Ethmoid Sinusitis as a Possible Differential in Orbital Complications

dc.contributor.authorMarcincuk, Michelle
dc.creatorJung, Esther
dc.description.abstractBackground: Reoccurring orbital complications due to sinusitis are rare and are evidenced in limited literature. This case study attempts to provide insight into the broad differential of periorbital swelling through a pediatric patient who presented twice with orbital complications due to ethmoid sinusitis. Case Presentation: An 8-month-old male presented to the emergency department with periorbital cellulitis and evidence of ethmoid sinusitis in the left eye. Following intravenous clindamycin, the patient improved and was discharged. A year and a half later, the patient presented with fever and swelling in the same eye; however, this time he was unresponsive to antibiotics. A computerized tomography (CT) scan identified left postseptal orbital cellulitis with a subperiosteal abscess. After an endoscopic left maxillary antrostomy, total ethmoidectomy, and decompression of the orbital abscess, the patient recovered well with no changes in vision and no reoccurrences of orbital complications to date. Conclusions: Although orbital abscesses due to ethmoid sinusitis are quite rare, it is important to consider ethmoid sinusitis as a primary cause. The treatment options include surgical intervention that must take place rapidly to avoid irreversible consequences. The risk of radiation exposure in this population is further complicated since orbital abscesses due to primary sinusitis can only be definitively diagnosed by CT imaging. It is important for healthcare providers to keep ethmoid sinusitis in mind when considering the differential of periorbital swelling to minimize the risk of permanent complications in their pediatric patients.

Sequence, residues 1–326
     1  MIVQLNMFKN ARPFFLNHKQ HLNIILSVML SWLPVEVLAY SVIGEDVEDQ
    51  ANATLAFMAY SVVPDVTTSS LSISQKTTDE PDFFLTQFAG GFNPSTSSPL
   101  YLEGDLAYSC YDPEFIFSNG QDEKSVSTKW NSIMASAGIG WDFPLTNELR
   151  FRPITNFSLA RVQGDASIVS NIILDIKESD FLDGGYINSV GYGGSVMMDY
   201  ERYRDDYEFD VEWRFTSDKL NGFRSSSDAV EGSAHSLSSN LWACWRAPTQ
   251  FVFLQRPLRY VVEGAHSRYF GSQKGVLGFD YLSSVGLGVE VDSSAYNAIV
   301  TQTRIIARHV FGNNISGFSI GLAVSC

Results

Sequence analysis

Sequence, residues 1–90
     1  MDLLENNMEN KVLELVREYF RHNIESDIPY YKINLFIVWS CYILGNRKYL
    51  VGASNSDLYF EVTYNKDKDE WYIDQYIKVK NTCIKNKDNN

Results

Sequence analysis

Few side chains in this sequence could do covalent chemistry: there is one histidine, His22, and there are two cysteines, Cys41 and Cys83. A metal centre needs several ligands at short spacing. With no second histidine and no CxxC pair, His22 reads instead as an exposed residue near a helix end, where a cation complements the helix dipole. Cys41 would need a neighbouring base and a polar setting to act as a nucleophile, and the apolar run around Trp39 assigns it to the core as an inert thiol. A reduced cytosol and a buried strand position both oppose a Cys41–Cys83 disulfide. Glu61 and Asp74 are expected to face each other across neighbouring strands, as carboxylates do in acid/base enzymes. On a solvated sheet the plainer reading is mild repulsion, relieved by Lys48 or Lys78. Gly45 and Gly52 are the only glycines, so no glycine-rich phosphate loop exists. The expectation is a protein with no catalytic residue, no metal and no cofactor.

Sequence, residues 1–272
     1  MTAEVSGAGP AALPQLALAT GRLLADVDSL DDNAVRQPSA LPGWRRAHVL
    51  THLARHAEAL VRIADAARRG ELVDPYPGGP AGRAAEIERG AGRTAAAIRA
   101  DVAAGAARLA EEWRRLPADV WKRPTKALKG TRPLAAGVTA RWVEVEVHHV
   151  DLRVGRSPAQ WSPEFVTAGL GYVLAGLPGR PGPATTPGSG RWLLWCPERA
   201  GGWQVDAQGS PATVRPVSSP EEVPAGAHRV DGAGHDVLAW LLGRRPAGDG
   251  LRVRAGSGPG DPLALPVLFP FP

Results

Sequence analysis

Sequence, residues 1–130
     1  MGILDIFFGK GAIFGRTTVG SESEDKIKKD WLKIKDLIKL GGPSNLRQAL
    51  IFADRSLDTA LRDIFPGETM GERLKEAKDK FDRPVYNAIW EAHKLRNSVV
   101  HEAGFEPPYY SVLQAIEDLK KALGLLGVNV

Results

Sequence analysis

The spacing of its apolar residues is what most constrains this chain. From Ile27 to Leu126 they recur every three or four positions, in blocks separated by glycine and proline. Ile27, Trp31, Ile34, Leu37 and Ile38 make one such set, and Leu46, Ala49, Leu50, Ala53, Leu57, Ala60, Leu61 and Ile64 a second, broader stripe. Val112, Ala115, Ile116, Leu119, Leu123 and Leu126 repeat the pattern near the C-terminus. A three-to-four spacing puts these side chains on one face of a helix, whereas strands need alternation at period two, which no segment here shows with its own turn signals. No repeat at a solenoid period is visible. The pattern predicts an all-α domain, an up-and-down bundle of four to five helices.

dc.titleEthmoid Sinusitis as a Possible Differential in Orbital Complications